The truth is… People don’t like to think that children die, however a big part of palliative care is care for children. People of all ages can develop a life limiting illness and palliative care programs need to be prepared to care for patients of any age. In some countries there are special hospices and palliative care services devoted to the care of children. 

MYTH: Everyone has access to hospice and palliative care.

FACT: Though every person has the right to hospice and palliative care, there are many around the world who do not have access to hospice and palliative care. In fact only about 10% of the need for palliative care is currently being met worldwide.

The truth is… Access to palliative care is a human right. No healthcare system in a country is complete without including palliative care as an available service. However palliative care is mostly limited to countries in Western Europe, North America, and Australia. Efforts are underway to expand palliative care to low and middle income countries so that every country can have palliative care. A recent study identified 43% of countries with no palliative care delivery.

What other myths or misconceptions about hospice and palliative care have you heard? How has your agency worked to dispel them? We would love to hear from you!

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The Value of Social Media for Hospice Agencies

  
  
  
  
  

Social Media in HospiceThe use of social media such as Facebook and Twitter can be a powerful tool for hospices looking to share ideas, news and build relationships online. Using social media effectively can also increase your online presence, helping your agency show up more frequently in search engines like Google or Yahoo.

Here are some tips on how you can use social media to engage caregivers, consumers and the community:

  1. Begin by creating accounts with the most popular social media including Facebook and Twitter. Don't be afraid to explore other types of social media including Instagram, Pinterest and LinkedIn too.
  2. Do you have a website?  If so, develop a blog to go along with it.  Blogs are designed to provide news, commentary and updates on the latest happenings in your organization and hospice industry.  You will find that many people will subscribe to your blog and read it regularly.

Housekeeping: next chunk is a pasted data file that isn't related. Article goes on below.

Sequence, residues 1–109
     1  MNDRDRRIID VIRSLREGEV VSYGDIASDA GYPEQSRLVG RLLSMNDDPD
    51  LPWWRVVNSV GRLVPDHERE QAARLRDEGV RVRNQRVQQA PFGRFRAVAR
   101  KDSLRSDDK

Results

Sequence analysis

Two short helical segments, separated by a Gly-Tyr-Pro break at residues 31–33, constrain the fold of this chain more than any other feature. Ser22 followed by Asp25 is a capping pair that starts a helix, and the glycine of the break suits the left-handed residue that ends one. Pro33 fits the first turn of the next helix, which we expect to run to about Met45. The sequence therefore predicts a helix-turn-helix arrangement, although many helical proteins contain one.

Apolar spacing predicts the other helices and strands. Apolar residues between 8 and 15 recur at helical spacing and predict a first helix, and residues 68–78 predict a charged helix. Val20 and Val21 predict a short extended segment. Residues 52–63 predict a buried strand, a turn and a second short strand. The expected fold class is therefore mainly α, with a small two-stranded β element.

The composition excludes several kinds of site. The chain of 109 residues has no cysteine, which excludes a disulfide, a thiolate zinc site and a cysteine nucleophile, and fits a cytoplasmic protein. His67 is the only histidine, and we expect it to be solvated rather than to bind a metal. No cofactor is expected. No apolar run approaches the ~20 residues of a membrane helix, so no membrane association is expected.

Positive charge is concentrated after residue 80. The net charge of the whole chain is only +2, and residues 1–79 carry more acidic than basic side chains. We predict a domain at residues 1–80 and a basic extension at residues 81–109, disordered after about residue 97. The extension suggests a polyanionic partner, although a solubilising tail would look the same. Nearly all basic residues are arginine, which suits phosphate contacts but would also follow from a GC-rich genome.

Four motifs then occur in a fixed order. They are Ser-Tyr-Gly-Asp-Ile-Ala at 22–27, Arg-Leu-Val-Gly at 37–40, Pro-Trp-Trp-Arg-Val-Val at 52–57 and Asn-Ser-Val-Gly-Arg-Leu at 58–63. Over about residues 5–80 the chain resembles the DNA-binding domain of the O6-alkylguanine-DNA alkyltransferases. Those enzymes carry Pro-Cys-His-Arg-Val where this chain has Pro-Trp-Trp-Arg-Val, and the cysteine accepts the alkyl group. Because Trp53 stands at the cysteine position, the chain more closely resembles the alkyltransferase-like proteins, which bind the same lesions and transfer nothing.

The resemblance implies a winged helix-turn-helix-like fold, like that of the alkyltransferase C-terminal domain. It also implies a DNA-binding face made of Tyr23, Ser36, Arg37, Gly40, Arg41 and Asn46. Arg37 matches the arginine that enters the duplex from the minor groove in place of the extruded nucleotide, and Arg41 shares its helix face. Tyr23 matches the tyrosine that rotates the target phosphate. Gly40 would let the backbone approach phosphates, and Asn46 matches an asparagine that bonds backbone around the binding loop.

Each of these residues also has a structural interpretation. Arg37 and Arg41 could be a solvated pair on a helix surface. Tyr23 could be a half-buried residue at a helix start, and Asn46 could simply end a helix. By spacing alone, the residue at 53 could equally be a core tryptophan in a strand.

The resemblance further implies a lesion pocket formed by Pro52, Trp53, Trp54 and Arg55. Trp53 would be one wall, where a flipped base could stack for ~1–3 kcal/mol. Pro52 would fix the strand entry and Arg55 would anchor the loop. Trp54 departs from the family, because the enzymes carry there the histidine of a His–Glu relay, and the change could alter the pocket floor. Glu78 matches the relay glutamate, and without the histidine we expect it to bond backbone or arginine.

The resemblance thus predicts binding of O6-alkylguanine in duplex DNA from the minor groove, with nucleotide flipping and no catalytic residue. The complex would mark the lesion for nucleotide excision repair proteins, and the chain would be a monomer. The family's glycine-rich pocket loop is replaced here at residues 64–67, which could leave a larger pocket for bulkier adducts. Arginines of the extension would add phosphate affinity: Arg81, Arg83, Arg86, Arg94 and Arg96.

3. "Friend" or "follow" other local businesses from your community.  "Like", "share", "re-tweet" and comment on their posts.  This will help spread your brand to their friends and followers that may not be connected to your business just yet.
  4. Use your account to promote education about hospice care, events your agency may be hosting or attending and even spotlight your staff or agency achievements.
  5. Encourage your staff members to connect to the agency account by “friending”, “following”, “sharing”, “liking” and “tagging”.  Just be sure to create an internal social media policy and educate your staff on acceptable use when posting on or about the agency account.

Once you get started and have your accounts set up, it only takes a few minutes a day to update your social media message and get the word out about your agency.   As the viral generation grows, more and more people will be looking to the Internet and social media to find care options for their loved ones.  Don’t be left behind!

Want to see examples of social media sites?  HEALTHCAREfirst is on a number of sites including Facebook, Twitter, LinkedIn and an online blog.

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National Healthcare Decisions Day

  
  
  
  
  

The Importance of Advance Care Planning

National Healthcare Decisions DayDid you know that in a past study conducted by the U.S. Agency for Healthcare Research and Quality, less than 50% of terminally ill patients had and advance directive in their medical records?

Today, April 16th, has been designated as National Healthcare Decisions Day.  On this day, we encourage home health and hospice caregivers to educate your patients on the importance of expressing their wishes regarding healthcare.  All adults can benefit from discussing and identifying the healthcare choices they want made should they be unable to do so on their own.  Most can utilize an advanced directive so that loved ones as well as medical professionals are aware of their desires.

There are two types of Advance Directives: a living will and medical power of attorney.